Dave Barry

Dave Barry: In New Hampshire, there’s populism in the water supply!

Buddy “Cake Boss” Valastro endorses New Jersey Gov. Chris Christie for president in New Hampshire on Monday
Buddy “Cake Boss” Valastro endorses New Jersey Gov. Chris Christie for president in New Hampshire on Monday AP

And so, at last, the time has come for the people of New Hampshire to make their voices heard, and then shut up because frankly we are getting tired of them.

If the polls are right — and when have the polls ever been wrong? — the winners in the New Hampshire primary will be Bernie Sanders and Donald Trump, indicating that a major factor influencing voters this year is populism, by which I mean narcotics in the water supply.

Trump, taking his front-runner status seriously, is starting to focus, laser-like, on the issues, as evidenced by the statement he tweeted out at 9:03 p.m. Sunday (really): “So far the Super Bowl is very boring.”

I have to agree: The game was dismal. Also I was deeply disturbed by the commercial for a drug called Xifaxan that featured a cartoon depiction of a human intestine running around a stadium looking for a place to poop. This comes on the heels of those commercials for a drug called Myrbetriq featuring a cartoon depiction of a human bladder that keeps dragging some poor woman to the bathroom. If this trend continues it is only a matter of time before we see a Viagra commercial featuring a cartoon depiction of a male anatomical unit doing God knows what and I DON’T WANT MY GRANDCHILDREN TO GROW UP IN A WORLD LIKE THAT.

I apologize for shouting, but waterboarding is too good for the people who make drug ads. Also they need to learn to spell.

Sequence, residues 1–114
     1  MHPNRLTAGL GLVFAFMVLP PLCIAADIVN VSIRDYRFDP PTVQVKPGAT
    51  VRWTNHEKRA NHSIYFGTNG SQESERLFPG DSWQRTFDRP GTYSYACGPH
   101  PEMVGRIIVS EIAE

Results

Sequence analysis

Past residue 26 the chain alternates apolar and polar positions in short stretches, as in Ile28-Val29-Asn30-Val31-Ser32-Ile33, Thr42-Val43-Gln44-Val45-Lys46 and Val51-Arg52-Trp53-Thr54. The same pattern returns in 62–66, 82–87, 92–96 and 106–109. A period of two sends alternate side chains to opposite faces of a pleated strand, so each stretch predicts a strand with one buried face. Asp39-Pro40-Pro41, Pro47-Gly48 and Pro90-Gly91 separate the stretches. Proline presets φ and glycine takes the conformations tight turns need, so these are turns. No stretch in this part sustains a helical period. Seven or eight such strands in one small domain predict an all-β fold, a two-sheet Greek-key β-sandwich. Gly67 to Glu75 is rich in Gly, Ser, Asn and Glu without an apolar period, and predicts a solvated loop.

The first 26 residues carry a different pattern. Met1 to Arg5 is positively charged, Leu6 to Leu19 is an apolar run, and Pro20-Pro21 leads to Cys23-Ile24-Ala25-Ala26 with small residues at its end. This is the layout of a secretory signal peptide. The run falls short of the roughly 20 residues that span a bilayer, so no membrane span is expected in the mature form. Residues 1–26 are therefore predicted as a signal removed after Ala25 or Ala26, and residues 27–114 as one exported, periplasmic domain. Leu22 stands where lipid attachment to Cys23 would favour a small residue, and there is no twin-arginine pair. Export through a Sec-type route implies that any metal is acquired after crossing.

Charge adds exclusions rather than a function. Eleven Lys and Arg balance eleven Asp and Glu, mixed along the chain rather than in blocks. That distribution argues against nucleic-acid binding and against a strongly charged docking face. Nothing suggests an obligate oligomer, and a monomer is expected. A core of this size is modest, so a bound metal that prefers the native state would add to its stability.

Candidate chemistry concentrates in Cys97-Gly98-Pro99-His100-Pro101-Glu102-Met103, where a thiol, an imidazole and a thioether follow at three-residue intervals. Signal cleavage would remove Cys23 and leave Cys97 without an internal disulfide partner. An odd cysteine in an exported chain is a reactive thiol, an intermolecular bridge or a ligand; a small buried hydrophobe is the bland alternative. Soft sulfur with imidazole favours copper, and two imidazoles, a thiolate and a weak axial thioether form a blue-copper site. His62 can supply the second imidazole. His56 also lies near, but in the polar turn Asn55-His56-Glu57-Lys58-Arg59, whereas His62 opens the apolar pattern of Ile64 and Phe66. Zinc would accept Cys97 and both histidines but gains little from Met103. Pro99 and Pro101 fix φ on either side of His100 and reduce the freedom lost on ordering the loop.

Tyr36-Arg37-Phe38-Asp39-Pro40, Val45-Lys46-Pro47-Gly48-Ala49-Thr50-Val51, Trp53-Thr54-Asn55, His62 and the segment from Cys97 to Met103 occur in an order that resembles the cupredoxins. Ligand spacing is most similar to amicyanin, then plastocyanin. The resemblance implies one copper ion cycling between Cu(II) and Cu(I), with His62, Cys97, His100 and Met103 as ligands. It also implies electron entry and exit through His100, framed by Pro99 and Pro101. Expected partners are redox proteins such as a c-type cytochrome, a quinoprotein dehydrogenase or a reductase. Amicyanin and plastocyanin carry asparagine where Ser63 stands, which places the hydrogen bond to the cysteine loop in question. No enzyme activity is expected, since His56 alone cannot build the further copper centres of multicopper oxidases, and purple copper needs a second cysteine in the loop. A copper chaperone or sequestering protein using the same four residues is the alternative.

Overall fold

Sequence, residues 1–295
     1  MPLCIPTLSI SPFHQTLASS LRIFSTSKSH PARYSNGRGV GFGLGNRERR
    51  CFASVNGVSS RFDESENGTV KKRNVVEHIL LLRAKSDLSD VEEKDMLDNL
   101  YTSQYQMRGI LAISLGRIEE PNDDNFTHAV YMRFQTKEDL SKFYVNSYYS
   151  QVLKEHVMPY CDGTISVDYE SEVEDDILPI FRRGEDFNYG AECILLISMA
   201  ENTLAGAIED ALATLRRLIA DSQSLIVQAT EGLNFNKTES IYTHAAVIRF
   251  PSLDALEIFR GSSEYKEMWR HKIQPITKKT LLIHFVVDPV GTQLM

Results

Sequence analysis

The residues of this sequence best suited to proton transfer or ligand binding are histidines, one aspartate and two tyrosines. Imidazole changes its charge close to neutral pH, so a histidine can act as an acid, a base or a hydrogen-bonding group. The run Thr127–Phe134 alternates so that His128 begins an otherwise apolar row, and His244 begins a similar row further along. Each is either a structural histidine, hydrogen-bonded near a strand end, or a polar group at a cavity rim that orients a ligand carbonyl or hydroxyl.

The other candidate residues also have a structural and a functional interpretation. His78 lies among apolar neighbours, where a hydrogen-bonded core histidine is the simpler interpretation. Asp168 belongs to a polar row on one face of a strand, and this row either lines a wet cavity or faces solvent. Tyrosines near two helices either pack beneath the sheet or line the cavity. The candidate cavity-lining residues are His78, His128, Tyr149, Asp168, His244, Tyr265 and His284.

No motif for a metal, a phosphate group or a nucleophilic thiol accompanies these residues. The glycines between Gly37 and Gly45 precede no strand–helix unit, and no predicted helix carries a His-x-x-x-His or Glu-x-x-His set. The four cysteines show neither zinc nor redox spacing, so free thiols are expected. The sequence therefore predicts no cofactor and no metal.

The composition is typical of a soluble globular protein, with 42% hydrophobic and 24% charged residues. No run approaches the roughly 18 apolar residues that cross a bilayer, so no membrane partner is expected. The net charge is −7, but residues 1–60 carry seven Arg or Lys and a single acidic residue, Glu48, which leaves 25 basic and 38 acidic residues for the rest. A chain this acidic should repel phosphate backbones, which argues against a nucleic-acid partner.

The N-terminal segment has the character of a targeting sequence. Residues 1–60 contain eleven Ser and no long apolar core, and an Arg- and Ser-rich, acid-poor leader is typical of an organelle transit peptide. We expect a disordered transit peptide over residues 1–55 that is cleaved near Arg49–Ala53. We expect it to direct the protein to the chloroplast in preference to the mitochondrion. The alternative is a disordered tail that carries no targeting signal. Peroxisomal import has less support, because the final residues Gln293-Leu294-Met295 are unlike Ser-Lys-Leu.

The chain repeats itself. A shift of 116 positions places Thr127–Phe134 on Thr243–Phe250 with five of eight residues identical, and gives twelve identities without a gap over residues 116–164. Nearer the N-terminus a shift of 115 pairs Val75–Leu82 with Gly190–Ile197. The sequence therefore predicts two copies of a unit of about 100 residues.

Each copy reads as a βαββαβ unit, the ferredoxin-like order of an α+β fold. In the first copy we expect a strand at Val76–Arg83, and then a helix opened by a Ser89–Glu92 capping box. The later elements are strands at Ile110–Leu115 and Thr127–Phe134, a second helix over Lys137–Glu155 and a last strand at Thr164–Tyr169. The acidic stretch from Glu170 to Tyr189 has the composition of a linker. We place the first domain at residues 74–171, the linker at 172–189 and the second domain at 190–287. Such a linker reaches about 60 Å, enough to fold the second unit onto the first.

Getting back to the New Hampshire primary: I attended a “Super Bowl watch party” in Manchester hosted by the Marco Rubio campaign. They had pizza, sodas, big projection screens and a large crowd, including a massive media corps that was gang-interviewing New Hampshire voters to within an inch of their lives.

Rubio, who is battling for second place here, has been under fire from his opponents for allegedly being robotic and repeating the same programmed speech modules over and over. But he did pretty well in his remarks at the watch party, once his handlers installed fresh batteries.

I’m kidding! Rubio is not powered by batteries. He is powered by nuclear fusion. And I thought he made some good points:

▪ ON AMERICA: He is for it.

▪ ON DISCO: He is against it.

His actual quote, which I swear I am not making up, was: “When I am president, I am going to ban disco music on all radio stations. Except the Bee Gees and Donna Summer.”

After Rubio spoke he was swarmed by the usual mob of voters and media. I got caught up in this mob, and as we all surged forward, I came close enough to Rubio to shout a question at him, a question that had been troubling me, as a media person and an American, since the event began.


This was true. There was no beer. At a so-called Super Bowl watch party.


“IT’S AN OUTRAGE,” he shouted back, although he didn’t really sound that upset, probably because he didn’t plan to stay. He left the watch party before kickoff, as did almost everybody else, including me. I wound up watching the Super Bowl at my hotel, which has beer. It’s also where the Chris Christie campaign is housed. I haven’t seen the governor yet, but I have bumped into his pizza-delivery forklift.

No, I apologize. That was an insensitive joke, and I am instructing the jury to disregard it. However, I must note that on Monday Christie was endorsed (really) by TV personality Buddy Valastro, a.k.a. the “Cake Boss.”

Also staying at my hotel are some Secret Service dogs. You can tell which room they’re in because the door handle has a sign hanging from it that says WARNING CANINE DO NOT ENTER. They don’t want anybody barging in and catching the dogs watching Slutty Chihuahuas Gone Wild on pay-per-view.

Speaking of wild: It’s snowing here AGAIN, so I’m leaving New Hampshire and heading back to Florida (motto: “At Least We Don’t Have Moose”). This will be my last column from the campaign trail, for now. I hope my reports have helped you understand how our democratic process works. If they have, could you please explain it to me? Because I honestly have no idea.

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